Argo — The Best Bad Idea

A CIA agent creates a fake Hollywood production in order to fool Iranian terrorists into releasing a group of U.S. diplomats based on the 1979 Tehran hostage crisis. In this scene, Tony (Ben Affleck) presents the concept of Argo. The CIA will eventually grant the proposal, but they want to know if there are any other bad ideas that could be better.

The concept of “the best bad idea” helps explain why some firms may operate in the short-run despite suffering a loss. While firms would love to earn a positive profit, there are a few loss situations available as well:

  1. (WORST) Firms can produce below AVC and lose both their fixed costs and some of their variable costs
  2. (BAD) Firms can shut down when prices are below AVC and lose their fixed costs
  3. (BEST OF THE BAD) Firms can produce as long as prices are above AVC and lose a little bit of money

Some students always want to divert to shutting down if firms face losses, but there’s a “better bad idea” as long as prices are above average variable costs.

Thanks to Darren Grant for the clip suggestion!

Darren also has a new book out entitled Methods of Economic Research!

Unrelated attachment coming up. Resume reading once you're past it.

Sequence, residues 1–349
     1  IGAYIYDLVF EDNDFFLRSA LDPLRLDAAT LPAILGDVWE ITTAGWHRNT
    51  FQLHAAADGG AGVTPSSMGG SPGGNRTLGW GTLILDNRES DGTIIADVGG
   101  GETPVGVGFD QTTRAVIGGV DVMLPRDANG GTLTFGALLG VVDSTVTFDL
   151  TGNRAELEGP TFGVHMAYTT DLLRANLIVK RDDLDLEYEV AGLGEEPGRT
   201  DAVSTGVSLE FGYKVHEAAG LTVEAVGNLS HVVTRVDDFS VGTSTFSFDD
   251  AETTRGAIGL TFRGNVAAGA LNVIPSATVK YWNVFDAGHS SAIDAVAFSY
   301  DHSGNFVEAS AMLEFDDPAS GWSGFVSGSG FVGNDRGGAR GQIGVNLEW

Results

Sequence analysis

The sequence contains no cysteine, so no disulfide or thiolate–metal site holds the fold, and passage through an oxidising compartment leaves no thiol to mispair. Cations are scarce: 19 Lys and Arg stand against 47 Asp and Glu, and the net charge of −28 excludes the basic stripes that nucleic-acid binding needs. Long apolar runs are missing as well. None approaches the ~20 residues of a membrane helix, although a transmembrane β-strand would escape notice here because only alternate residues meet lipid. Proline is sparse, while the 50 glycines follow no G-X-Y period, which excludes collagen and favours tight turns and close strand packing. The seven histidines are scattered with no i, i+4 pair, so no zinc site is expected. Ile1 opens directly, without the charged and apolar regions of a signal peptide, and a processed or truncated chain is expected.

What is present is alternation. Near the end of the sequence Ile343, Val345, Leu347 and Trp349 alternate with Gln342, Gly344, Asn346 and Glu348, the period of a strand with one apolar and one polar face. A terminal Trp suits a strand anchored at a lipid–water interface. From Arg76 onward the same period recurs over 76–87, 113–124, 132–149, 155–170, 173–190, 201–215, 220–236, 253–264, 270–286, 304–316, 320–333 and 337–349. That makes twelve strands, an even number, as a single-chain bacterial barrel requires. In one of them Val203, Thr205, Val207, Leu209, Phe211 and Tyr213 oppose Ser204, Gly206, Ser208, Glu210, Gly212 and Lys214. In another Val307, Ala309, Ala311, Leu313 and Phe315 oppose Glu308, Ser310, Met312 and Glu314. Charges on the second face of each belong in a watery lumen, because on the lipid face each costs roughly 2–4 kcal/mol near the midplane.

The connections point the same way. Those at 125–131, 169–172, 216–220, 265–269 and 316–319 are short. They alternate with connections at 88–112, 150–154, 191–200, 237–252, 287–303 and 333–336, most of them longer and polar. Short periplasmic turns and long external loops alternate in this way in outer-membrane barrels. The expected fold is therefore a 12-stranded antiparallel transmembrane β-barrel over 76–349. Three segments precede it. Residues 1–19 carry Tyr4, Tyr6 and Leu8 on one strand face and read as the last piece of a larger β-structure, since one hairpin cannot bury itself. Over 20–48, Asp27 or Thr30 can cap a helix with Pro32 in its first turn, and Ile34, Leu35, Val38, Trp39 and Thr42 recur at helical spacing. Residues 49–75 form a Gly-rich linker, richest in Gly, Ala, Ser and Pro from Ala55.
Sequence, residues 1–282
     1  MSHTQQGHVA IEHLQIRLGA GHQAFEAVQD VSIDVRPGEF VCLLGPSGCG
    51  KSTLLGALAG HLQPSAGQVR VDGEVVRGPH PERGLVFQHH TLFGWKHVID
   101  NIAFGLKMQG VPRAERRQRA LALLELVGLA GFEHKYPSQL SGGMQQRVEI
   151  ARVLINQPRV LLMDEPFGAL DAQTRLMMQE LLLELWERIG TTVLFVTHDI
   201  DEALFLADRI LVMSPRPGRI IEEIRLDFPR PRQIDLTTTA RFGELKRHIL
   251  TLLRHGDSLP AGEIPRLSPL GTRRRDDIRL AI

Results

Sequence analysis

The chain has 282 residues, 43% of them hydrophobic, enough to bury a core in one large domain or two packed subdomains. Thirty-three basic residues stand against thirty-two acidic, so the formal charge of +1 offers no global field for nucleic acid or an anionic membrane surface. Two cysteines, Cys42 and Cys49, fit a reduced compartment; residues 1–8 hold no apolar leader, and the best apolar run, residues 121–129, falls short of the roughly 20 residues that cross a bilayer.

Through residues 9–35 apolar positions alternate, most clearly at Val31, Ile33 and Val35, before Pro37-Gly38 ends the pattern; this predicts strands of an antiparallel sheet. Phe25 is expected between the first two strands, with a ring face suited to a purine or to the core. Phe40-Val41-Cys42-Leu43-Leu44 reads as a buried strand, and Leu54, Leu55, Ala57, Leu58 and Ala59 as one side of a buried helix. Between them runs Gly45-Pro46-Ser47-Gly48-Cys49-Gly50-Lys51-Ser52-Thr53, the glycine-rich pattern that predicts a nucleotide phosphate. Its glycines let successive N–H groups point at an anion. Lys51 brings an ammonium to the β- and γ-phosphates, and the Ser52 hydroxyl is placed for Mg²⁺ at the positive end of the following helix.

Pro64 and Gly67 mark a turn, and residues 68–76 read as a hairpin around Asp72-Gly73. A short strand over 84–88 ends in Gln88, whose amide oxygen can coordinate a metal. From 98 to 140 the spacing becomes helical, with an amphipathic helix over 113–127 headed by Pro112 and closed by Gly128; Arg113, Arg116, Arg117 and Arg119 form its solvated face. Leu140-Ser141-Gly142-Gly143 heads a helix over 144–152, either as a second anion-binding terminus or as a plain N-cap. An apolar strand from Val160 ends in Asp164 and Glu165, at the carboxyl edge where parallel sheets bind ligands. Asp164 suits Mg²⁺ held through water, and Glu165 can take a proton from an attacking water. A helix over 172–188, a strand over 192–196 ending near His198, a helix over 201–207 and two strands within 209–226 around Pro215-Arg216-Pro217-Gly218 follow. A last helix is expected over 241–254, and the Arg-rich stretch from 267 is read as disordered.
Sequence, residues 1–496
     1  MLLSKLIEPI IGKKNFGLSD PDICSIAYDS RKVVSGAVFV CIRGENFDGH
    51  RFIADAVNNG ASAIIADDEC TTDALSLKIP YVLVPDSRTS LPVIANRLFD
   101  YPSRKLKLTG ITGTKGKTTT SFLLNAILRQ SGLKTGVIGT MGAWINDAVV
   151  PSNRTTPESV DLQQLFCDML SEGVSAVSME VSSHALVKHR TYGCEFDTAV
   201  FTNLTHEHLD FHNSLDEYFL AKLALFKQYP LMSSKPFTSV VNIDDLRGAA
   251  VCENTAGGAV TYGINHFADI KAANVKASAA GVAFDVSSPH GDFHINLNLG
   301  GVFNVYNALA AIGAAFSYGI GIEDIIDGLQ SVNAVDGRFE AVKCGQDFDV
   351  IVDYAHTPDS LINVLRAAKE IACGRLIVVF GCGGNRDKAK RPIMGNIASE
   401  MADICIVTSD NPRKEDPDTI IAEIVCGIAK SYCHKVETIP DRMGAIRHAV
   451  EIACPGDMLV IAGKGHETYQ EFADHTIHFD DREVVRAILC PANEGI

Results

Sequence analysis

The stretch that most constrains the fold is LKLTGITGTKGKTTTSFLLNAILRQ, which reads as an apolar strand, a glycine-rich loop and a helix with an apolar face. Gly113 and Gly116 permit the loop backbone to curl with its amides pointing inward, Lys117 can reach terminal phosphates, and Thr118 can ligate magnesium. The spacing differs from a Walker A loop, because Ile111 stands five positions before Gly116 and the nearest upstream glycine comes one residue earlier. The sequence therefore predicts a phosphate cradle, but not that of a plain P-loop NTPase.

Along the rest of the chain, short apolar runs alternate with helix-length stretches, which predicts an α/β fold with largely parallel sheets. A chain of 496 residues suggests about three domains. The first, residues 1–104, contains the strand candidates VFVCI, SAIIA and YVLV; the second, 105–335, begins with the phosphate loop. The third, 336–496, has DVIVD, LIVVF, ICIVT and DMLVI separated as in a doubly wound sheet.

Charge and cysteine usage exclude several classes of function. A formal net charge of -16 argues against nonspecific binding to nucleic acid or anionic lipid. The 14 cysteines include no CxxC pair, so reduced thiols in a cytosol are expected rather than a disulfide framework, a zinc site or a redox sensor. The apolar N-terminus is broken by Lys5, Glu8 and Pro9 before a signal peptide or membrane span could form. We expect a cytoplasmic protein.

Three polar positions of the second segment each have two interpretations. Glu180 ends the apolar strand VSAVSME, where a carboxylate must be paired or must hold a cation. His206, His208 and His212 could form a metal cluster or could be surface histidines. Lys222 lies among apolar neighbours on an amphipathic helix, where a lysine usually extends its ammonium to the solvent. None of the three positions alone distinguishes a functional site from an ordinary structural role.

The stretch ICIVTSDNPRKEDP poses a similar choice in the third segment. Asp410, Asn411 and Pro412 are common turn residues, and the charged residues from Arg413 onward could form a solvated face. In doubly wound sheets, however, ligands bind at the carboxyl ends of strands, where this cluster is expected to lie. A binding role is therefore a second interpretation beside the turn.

Stella Artois — Chang Up The Usual

This Stella Artois commercial features Sarah Jessica Parker reprising her “Sex and the City” role and Jeff Bridges in his from “The Big Lebowski.” Both of their characters had their respective go-to drinks. The cosmopolitan for Parker’s Carrie Bradshaw and a white Russian for Bridges The Dude. We first see Parker choosing to order a Stella Artois, which means she gives up her next best alternative the cosmo. This is a surprising choice, so much so that the entire restaurant comes to a halt. We then see Bridges enter, and the bartender assumes he is going to have his usual white Russian, but instead he also orders a Stella Artois (comically mispronouncing it as well!). Show this clip and have the students identify what the opportunity costs of choosing the Stella Artois is for each character.